Why is the regularization term in the cost function w_j^2 instead of just w_j?

Link to video HERE at about 4:00.

There was no clear explanation of where the w_j^2 regularization term came from in the cost function. Why is it w_j^2 instead of just w_j?

Just like how we compute the cost from the squares of the errors (so that all errors become a positive value, and larger errors have a bigger impact), squaring the weights has the same reasoning.

The goal is to have an additional penalty for having large weight values. This helps the algorithm learn smaller weights, thereby reducing overfitting.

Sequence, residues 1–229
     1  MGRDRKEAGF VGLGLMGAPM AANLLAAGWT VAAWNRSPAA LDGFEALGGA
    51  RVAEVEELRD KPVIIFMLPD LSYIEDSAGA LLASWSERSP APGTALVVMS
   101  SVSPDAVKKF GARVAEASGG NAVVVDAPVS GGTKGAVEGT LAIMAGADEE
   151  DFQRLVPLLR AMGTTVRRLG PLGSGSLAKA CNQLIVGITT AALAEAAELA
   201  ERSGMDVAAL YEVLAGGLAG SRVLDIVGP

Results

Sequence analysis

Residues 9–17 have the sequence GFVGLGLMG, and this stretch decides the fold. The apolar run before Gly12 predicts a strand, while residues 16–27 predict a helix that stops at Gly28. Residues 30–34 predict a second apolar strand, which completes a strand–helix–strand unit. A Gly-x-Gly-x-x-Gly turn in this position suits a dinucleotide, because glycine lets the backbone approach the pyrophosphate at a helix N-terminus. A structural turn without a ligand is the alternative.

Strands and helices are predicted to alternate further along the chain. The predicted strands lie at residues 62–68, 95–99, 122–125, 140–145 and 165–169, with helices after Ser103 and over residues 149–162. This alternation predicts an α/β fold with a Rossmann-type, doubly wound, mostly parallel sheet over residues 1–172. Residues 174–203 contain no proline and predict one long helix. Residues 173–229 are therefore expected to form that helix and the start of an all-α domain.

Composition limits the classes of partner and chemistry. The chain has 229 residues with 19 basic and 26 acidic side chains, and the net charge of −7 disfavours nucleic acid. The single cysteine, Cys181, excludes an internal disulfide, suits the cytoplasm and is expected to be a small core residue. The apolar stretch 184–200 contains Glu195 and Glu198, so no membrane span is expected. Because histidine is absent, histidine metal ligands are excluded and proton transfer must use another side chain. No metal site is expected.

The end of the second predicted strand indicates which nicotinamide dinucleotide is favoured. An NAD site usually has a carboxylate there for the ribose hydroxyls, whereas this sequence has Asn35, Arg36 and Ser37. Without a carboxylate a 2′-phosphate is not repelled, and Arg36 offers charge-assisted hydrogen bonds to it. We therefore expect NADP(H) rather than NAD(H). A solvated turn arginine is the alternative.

The “sum of the squares” method has some nice computational properties when we compute the gradients (i.e. partial derivatives).

1 Like

Thanks for the explanation! As I understand it, using a squared weight is more of a choice for its positive characteristics than a term derived mathematically? I’m still wrapping my head around how much of the cost function is mathematically derived vs. found to produce positive results


Cost functions are designed to suit a specific goal. The linear regression cost is based on the method of least squares. The logistic regression cost is based on maximizing the penalty for making wrong binary predictions (classifications).

1 Like